5 thoughts on “5 Easy Hikes To Try in Hong Kong This Weekend

  • October 18, 2016 at 9:59 am
    Permalink

    This is great! My friends and I did the Lion Rock hike last weekend – Now i want to try Hero’s Cliff! how long does the hike take? xD also great blog! very useful for a British born Chinese 🙂 – Keep it up!

    Reply
    • October 18, 2016 at 4:37 pm
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      Thanks so much Pauline! Did your legs survive the last stretch of Lion Rock?

      Hero’s Cliff takes roughly 3 hours in total. The toughest part is the first 30-45mins of getting lost and clambering massive boulders, after that the hike is easy breezy (literally breezy)!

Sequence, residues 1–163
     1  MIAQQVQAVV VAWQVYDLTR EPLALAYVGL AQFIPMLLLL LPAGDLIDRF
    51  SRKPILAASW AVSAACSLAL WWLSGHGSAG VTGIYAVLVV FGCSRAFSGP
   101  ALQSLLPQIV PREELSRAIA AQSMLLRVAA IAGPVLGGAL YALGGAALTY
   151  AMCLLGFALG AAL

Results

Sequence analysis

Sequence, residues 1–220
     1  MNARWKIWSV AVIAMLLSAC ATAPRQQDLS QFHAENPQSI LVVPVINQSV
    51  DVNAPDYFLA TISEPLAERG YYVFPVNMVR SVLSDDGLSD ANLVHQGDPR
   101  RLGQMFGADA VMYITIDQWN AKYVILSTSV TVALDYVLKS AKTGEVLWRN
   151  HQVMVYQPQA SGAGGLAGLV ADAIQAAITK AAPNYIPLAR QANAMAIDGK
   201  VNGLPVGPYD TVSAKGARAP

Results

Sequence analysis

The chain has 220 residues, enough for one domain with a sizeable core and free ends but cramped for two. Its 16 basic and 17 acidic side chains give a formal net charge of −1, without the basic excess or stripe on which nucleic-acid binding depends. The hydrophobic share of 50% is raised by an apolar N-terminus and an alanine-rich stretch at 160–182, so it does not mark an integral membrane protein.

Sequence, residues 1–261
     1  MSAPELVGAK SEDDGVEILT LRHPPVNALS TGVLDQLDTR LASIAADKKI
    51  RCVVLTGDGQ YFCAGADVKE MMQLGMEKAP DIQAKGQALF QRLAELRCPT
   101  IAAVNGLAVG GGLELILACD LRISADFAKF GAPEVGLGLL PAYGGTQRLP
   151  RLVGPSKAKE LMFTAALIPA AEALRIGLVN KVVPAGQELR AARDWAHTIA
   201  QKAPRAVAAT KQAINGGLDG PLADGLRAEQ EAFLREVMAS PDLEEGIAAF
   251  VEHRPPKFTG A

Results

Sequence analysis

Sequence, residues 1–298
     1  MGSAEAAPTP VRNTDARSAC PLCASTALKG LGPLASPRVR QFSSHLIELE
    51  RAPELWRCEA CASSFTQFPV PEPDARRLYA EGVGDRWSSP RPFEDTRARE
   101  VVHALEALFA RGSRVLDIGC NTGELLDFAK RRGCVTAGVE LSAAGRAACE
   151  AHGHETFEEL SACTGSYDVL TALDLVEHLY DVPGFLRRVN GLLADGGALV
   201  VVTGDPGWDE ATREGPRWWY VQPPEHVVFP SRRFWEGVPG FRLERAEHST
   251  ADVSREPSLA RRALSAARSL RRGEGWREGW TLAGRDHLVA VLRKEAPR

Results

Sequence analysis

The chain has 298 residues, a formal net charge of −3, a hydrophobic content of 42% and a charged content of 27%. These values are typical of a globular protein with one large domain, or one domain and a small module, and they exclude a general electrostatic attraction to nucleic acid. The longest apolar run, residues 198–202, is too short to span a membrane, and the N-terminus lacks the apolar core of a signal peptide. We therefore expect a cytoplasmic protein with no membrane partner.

Reply
      • October 19, 2016 at 6:22 am
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        haha yes! but our knees were in pain going down! .. have you hiked Sunset Peak!? that was a killer! but sooo worth the sunset view!

        Wooow! i see, 3 hrs is alright, I wanna try it! maybe when the weather is better though hahah

        Reply
        • October 20, 2016 at 6:22 am
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          I’ve heard good things about Sunset Peak, but never tried it cause it feels so far out of the way haha. So the pain was justified in the end, then?

          Hero’s Cliff is definitely a good hike if you don’t mind MTR-ing all the way out to the outskirts of Sha Tin. Let me know how it goes if you get around to it!

          Reply
          • October 23, 2016 at 3:01 pm
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            haha but if Hero’s Cliff is just as far out then Sunset Peak is worth the travel! 😀 .. I’m gonna go again this winter cos I never got to stay at the top long enough as the sun was setting and it got dark quick! you should definitely go!! .. yeh, i’ll let you know! hopefully I won’t get lost xD